Warner Music Group’s videos began disappearing from YouTube this weekend, the casualty of a contract impasse between the music company and the Internet’s dominant video site.
Negotiations broke down last week over licensing fees for Warner’s music and videos, say people familiar with the discussions who were not authorized to speak publicly.
On its blog, YouTube alerted its audience to the collapse in talks, noting that professionally produced music videos and those that fans create using Warner songs would begin to disappear.
It remains unclear whether YouTube or Warner decided to pull the plug.
“Sometimes,” wrote YouTube in its online message to users, “if we can’t reach acceptable business terms, we must part ways with successful partners.”
Warner Music -- home to such acts as Madonna, rapper T.I., Red Hot Chili Peppers and Linkin Park -- issued a brief statement Saturday, saying it was working to find a resolution with YouTube that would return its artists’ content to the site.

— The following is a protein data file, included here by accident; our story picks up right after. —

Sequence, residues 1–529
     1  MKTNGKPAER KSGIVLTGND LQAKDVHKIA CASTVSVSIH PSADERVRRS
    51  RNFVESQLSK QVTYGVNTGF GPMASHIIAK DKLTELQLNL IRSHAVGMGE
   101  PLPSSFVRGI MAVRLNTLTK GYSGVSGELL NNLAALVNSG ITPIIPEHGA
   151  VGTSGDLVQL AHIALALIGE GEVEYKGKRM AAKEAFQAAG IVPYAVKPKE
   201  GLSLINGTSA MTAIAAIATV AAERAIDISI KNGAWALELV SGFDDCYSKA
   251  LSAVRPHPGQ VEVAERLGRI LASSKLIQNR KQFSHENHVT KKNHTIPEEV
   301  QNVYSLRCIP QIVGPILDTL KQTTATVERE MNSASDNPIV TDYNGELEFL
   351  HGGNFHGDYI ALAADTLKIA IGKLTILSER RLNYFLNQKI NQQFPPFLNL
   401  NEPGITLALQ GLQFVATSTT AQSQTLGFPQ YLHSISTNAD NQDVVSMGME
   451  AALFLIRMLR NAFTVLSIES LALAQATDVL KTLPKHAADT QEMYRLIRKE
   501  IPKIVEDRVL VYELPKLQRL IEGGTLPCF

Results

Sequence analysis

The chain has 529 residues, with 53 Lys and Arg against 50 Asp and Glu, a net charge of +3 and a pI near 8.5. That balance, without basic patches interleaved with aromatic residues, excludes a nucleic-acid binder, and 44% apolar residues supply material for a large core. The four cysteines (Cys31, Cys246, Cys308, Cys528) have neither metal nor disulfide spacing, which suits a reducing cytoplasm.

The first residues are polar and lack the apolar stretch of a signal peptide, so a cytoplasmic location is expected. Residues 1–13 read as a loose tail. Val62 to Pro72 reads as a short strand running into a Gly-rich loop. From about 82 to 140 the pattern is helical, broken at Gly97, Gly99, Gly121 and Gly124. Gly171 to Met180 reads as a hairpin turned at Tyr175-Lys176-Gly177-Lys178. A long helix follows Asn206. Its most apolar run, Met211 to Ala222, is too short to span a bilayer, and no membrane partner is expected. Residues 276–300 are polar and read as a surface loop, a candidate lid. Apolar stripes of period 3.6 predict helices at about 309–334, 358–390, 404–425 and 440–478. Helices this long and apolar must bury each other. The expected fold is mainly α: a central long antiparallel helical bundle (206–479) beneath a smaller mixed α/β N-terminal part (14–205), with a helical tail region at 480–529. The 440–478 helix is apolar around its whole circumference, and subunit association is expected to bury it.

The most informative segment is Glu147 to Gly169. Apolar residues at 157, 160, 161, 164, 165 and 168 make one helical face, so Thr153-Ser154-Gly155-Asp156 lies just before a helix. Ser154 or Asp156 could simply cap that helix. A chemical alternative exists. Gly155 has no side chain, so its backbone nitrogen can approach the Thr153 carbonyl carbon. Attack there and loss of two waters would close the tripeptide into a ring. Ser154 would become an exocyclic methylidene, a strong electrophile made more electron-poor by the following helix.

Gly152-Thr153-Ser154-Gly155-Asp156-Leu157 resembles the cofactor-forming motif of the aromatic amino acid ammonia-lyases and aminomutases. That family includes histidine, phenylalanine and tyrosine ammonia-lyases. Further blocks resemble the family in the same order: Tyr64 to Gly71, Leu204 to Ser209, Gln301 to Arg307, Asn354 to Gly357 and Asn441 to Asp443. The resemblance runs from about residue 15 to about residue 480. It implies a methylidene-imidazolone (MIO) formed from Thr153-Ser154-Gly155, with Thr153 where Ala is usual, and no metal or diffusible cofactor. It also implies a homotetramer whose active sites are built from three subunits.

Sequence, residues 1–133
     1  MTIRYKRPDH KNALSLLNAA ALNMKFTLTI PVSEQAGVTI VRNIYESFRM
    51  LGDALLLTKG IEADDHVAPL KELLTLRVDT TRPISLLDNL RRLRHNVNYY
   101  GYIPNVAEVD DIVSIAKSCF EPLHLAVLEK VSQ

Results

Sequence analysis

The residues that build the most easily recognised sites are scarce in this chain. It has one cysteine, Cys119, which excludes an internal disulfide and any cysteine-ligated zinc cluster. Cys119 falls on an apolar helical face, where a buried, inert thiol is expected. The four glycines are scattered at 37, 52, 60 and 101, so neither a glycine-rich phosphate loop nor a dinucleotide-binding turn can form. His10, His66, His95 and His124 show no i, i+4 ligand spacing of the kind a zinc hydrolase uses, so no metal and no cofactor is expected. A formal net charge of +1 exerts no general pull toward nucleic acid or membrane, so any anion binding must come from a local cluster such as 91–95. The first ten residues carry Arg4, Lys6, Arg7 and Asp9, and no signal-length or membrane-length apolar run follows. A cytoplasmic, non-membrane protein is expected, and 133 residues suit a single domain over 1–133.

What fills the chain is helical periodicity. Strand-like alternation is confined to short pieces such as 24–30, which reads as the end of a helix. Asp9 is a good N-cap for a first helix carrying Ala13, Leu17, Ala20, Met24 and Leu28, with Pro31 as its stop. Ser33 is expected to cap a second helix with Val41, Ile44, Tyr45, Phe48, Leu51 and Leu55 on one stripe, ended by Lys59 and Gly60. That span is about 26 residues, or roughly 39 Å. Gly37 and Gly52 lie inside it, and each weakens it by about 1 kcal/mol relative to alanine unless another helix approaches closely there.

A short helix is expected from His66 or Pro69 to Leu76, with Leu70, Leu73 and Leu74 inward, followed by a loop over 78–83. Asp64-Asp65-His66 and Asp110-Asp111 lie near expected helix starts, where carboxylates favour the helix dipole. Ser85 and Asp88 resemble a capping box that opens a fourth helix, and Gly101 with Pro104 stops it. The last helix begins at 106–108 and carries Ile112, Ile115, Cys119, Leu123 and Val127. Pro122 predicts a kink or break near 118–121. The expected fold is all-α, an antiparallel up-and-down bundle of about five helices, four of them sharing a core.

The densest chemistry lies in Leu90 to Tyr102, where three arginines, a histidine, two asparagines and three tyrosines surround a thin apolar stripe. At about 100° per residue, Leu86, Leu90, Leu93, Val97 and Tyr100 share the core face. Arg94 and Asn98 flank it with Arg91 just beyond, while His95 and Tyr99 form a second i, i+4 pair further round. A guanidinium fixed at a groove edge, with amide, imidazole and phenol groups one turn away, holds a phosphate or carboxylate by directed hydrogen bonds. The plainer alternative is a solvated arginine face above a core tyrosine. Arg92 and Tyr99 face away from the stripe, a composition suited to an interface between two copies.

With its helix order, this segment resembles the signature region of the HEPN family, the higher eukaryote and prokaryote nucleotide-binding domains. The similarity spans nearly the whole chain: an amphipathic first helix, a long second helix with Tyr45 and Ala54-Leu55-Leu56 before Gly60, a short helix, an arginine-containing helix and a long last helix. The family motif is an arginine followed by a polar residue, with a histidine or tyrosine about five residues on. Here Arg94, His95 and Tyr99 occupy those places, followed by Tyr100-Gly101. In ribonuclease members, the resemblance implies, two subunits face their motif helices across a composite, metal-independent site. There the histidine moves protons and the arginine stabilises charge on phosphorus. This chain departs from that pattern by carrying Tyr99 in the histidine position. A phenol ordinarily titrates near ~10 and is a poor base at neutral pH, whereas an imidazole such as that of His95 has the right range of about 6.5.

“Until then, we simply cannot accept terms that fail to appropriately and fairly compensate recording artists, songwriters, labels and publishers for the value they provide,” Warner said in the statement.
The stalled discussions suggest that Warner is dissatisfied with the revenue stream it gets from YouTube.
Warner was the first of the major labels to strike a licensing deal with YouTube, in 2006. Its executives think its cooperation lent legitimacy to the video website, setting the stage for the $1.65-billion acquisition of YouTube Inc. by search giant Google Inc.
In the original discussions, Warner, Vivendi’s Universal Music Group and Sony BMG Music Entertainment all received small stakes in YouTube as part of music-video licensing deals.
Under terms of YouTube’s contracts, the labels stand to collect either a minimum fee of less than a penny each time a music video is watched or a split of advertising revenue, whichever sum is greater.